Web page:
If you can live with not having totally real-time previews etc you can get lossless compression editing very easily by converting your footage to HuffYUV before you import it into your editing app (assuming you're not using ExpressDV). Once you've got your footage as huffyuv you do need a lot of space though (I think it compresses 3 or 2.5:1, so you're looking at close to 8 or 9 Megs a second).
4:1:1 and 4:2:0 do impose problems not just when doing multiple re-encodings btw. They also mean that your colour resolution is reduced, which in laymans terms means colour fringing, or slight colour blocking around high-contrast edges. This results in really difficult to control dissolves sometimes, and really gives you headaches when doing chroma keying. There are ways to alleviate the problems, but try to use media that are appropriate for it's use - this means stay well away from DV if you will be doing keying...

Oh, and you can find huffyuv at http://math.berkeley.edu/~benrg/huffyuv.html and ... it's FREE!

Kai.
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Old November 13th, 2002, 06:45 PM   #5
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I've only skimmed the specs, but huffyuv looks good. What can you use to to recode DV? And which popular NLE packages is it compatible with?
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Old November 13th, 2002, 07:07 PM   #6
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Huffyuv is compatible with anything that uses vfw (Video for Windows) codecs. Premiere springs to mind, so do most other pre-DV era editing and compositing packages.
What you would have to do is one of three things;

a) you devide you have looooaaaaads of disk space to play with - you would transcode your footage into huffyuv avi's before actually importing into Premiere et al. In Premiere, you make sure that in your editing prefs you choose the Huffyuv codec also, so that multiple transcodes won't touch your images at all.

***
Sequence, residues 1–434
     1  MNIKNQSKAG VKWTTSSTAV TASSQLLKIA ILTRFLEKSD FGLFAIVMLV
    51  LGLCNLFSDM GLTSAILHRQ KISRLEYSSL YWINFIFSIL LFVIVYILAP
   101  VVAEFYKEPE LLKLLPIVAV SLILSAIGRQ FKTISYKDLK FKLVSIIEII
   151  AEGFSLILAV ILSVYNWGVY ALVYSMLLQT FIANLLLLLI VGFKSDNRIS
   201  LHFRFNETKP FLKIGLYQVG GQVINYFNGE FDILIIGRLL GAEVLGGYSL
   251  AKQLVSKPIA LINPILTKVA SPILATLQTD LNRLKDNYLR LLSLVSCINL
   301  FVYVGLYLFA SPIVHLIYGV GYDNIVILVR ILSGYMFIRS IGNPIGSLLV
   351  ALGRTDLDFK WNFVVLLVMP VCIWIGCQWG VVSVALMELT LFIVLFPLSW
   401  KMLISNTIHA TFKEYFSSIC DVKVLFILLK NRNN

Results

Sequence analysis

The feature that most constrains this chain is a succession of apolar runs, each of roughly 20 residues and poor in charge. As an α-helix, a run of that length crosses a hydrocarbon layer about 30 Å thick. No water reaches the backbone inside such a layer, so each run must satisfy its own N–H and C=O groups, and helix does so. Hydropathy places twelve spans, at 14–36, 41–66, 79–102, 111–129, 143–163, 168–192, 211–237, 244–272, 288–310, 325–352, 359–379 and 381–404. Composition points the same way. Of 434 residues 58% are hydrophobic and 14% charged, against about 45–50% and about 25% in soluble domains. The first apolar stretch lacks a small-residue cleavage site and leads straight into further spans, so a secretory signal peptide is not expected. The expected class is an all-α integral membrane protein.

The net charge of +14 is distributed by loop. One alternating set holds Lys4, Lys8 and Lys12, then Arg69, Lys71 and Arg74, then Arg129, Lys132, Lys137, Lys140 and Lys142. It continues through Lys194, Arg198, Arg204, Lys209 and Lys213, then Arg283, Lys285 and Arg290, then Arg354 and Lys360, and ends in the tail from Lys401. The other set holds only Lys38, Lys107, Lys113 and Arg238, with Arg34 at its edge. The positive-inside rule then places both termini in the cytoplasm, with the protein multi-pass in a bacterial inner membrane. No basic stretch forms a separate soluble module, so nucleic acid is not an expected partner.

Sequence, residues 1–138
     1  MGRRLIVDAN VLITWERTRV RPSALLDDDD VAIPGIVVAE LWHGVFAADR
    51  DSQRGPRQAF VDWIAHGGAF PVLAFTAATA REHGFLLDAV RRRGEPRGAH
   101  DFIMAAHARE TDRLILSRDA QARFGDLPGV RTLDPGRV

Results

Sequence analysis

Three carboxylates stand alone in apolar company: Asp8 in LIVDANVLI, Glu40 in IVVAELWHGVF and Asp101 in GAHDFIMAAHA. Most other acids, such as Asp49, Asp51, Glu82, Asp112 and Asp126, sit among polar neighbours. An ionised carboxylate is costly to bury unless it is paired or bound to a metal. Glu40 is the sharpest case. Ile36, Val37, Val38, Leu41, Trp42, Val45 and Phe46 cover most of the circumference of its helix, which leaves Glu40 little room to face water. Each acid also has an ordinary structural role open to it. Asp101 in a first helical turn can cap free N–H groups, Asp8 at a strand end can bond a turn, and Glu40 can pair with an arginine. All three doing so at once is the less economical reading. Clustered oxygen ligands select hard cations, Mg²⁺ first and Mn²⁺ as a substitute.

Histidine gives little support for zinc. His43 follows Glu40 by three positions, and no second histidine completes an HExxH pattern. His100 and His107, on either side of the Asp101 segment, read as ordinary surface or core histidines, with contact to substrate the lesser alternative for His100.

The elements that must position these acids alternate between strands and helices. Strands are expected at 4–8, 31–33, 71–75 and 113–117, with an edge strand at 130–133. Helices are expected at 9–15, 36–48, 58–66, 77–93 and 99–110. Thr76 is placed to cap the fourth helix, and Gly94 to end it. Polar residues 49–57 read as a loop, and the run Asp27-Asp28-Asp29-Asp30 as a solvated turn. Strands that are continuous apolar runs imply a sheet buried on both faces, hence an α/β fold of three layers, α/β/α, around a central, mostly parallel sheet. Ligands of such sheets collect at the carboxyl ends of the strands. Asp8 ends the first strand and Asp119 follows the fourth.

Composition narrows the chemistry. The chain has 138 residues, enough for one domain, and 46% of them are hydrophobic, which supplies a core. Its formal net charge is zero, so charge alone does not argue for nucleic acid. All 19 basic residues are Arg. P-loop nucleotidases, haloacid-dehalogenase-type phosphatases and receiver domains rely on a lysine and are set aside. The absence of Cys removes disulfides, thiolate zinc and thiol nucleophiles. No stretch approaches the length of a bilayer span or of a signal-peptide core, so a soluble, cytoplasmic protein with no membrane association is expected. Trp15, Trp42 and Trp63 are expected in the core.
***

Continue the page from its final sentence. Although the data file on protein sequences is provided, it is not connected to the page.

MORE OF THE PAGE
b) you decide you have some disk space to play with, but not enough to have an orgy on; in this case you would probably import your material as DV, but set the editing codec to be huffyuv anyway. This means not using one of the standard DV presets, and building your own VFW preset from scratch. You will loose some quality, but if you're not doing much with your footage this is actually identical to what you do in a)

c) you're just playing aroung; well, do exactly that - play around, see how your codec settings affect your quality. There is much to be learned that way, and much time to waste doing this learning also (I know - I've been there and transcoded countless bits of DV footage...)

Please remember that all of this takes you up to, but not past, outputting your final product. This is a whole nuther story and is probably bigger by quite a lot in terms of know-how needed to do it right, let alone well...

Also, please remember that native DV editing apps will not benefit from doing any transcoding. Avid Express spring to mind here, as all it will cause you to do is wait for even longer for Avid to import your footage, having wasted a humongous amount of diskspace in the process.

Make sure (!) you use VirtualDub http://www.virtualdub.org to do the transcoding for you. It's pretty straightforward to learn, has a few really helpful filters, and again, it's FREE.

HTH,


Kai.
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Old November 18th, 2002, 12:08 PM   #7
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Please see my post in the Vegas DV codec selection.
The Black Magic Quicktime codec is available for Quicktime for Windows users for free. It's a lossless 10/8 bit 4:2:2 codec that installs as a Quicktime plug-in. Any NLE and/or Comp app that uses Quicktime can take advantage. AE, Premier, Vegas Video...
all can use this.